Tunisian singer Emel releases her fourth solo album, The Tunis Diaries, today. A stirring acoustic repertoire that takes her quest for freedom even further as she revisits home. Originally printed in the November 2020 issue of Vogue Arabia.
Tunisian singer Emel is on the move again and it’s not necessarily to tour, even though she has just released her fourth album, The Tunis Diaries. Having spent the last six years living in New York, she has made the decision to move to Paris so that her young daughter can attend school full-time. In the middle of the move, however, she spent the Covid-19-imposed lockdown in Tunis, which saw her reconnect with her past and birth her new, double album. “I hadn’t spent time in my childhood home in Tunis in a very long time. I reconnected deeply with my hometown, even though I couldn’t go out,” she says. “One of the things I love most about my home city is the colors of the sky; the sound of the birds, and the view of the rooftops with the cascading whites of the houses with the green of the pines, the bougainvillea, the sea, and the mountains.”
If Tunis is where Emel first started singing—at the top of her staircase where she found some reverb—it’s also the place where she felt the first restrictions on her liberty. “Growing up in Tunisia, our house wasn’t very traditional; regardless, girls had certain expectations that boys didn’t. It started with simple things, like going out and being trusted by my family to make the right decisions.” She furthers that growing under a dictatorship enforced a feeling of complete lack of freedom and opportunities. “I have always been grounded and had my priorities straight. I wanted to explore everything; I couldn’t understand why I wasn’t to be trusted and that shaped my personality.” As early as she can remember, Emel wanted to be involved with the arts and leaned towards acting, dancing, and singing. Her initial music was inspired by pop singers like Céline Dion. “I was writing stupid love songs and singing in English and French. At the time, I was in a metal band and then I turned to folk and protest music and guitar. I didn’t want to sing in Arabic, because it reflected a dictatorship for me. The way it was taught or performed was rigid and I wanted to break all the rules.”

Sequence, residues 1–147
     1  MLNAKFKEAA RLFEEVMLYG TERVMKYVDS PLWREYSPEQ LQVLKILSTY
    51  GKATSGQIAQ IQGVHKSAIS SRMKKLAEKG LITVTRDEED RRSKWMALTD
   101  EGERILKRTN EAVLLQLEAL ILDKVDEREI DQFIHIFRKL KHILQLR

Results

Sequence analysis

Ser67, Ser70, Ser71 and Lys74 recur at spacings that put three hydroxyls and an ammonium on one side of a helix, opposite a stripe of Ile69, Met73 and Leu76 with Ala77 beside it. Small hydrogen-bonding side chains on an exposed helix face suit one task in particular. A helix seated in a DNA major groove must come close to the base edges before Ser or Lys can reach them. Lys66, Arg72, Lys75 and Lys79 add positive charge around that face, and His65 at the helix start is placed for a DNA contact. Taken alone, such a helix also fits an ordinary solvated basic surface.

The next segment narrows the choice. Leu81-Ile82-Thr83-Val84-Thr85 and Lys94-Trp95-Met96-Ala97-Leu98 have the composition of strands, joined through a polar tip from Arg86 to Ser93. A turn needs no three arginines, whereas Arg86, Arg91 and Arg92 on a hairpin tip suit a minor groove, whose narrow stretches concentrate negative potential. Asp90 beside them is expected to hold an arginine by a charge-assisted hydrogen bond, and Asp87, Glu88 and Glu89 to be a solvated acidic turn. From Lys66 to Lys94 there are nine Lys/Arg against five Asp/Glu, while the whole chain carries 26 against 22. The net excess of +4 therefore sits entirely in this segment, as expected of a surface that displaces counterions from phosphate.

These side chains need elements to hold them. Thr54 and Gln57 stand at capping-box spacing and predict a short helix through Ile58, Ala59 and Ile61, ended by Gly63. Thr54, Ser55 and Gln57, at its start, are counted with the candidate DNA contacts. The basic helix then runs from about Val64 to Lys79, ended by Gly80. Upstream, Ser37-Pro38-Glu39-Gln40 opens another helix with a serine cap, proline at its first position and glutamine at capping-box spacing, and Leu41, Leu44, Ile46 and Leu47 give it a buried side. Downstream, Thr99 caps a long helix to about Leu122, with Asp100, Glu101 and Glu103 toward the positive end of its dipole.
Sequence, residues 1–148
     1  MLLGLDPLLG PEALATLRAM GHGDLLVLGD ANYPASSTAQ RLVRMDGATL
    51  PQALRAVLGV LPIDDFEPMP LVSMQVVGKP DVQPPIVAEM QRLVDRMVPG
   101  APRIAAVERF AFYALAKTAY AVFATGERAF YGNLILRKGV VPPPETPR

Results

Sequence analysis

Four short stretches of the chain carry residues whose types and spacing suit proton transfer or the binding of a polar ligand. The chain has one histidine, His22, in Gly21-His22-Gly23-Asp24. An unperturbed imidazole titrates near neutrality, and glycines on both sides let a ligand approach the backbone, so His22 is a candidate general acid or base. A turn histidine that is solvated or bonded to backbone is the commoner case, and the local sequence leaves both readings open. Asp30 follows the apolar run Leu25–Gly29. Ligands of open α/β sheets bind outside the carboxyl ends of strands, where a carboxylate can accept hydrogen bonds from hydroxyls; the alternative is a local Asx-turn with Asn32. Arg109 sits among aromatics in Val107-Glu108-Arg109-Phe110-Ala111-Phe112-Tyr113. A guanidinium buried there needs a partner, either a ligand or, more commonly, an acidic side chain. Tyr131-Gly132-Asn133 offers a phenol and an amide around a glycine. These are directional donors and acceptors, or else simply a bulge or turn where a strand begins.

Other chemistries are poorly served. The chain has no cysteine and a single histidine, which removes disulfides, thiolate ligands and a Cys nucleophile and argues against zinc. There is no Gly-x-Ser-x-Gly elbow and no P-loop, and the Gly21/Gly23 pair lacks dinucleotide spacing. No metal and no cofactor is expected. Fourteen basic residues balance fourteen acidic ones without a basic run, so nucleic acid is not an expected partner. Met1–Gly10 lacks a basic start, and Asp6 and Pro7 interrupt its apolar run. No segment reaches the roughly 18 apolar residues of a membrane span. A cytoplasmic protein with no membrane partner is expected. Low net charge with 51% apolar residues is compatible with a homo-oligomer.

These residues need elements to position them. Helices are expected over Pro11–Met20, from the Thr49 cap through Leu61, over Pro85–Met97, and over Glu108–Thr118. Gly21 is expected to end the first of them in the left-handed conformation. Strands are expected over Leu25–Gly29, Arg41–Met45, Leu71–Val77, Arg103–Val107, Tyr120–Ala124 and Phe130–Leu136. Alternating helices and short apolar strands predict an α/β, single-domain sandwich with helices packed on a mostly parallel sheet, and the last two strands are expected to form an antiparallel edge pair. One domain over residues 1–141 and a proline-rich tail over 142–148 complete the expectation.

Emel with the late Tunisian designer Azzedine Alaïa in Paris. Instagram.com/emelmathlouthi
In college, Emel started to find confidence in her own path and native tongue, “Mashael Khalifa and Oumaima Khalif’s songs were a trigger. I found my language in my own expression,” she says. Emel wrote her single Kelmti Horra (My Word is Free) in 2004. Her haunting vocals went viral during the Arab Spring and Emel became known as the Voice of the Tunisian Revolution. “It meant even more to me because I was performing mostly for audiences in Europe. People didn’t understand the music and all of a sudden, I felt that I had an even bigger mission to succeed and present the music that is very humane.”
During confinement, Emel performed via Facebook and Instagram Lives, and collaborated with Royal Albert Hall, Amnesty, and Arte TV. “I rediscovered the pleasure and passion of performing without the luxury of other musicians, just a simple, classical guitar and a voice,” she says. Her fourth album comprises a few original songs—Ma Lkit, Fi Kolli Yawmen, and Everywhere We Looked was Burning—with most pulled from her last three records and sung acoustic along with covers of David Bowie’s The Man Who Sold the World and Nirvana, among others.
“It’s been a rocky road to understand who I really am and why I’m taking the decisions I do. Now, I’m trying to be proud of my achievements,” she says, confessing that she is a naturally anxious person who never feels like she is doing enough but who is also very decisive. One priority is the strengthening of her connections to other women in the music industry. She reveals that she is already working on a new album, and hopes that it will be exclusively produced by women. I’ve been the only woman for a long time and it’s not because there are no women, but we need to unveil them and the darkness that surrounds them,” says Emel, who goes by her first name only in a conscious effort to disconnect from a patriarchal society.
The musician, who, in 2015 performed at the Nobel Peace Prize ceremony, states of her commitment to the equality of all strata of community, “I don’t feel that I should have more privileges than the person who sleeps on the street. My parents were broke when I came into the world and they thought that if they named me Emel, which means many hopes—life would be better for them.” May freedom continue where Emel’s begins. The Tunis Diaries by Emel via Partisan Records
Watch Vogue Arabia’s Instagram Live Concert with Emel today at 5.30 pm Dubai / 3.30 pm Paris time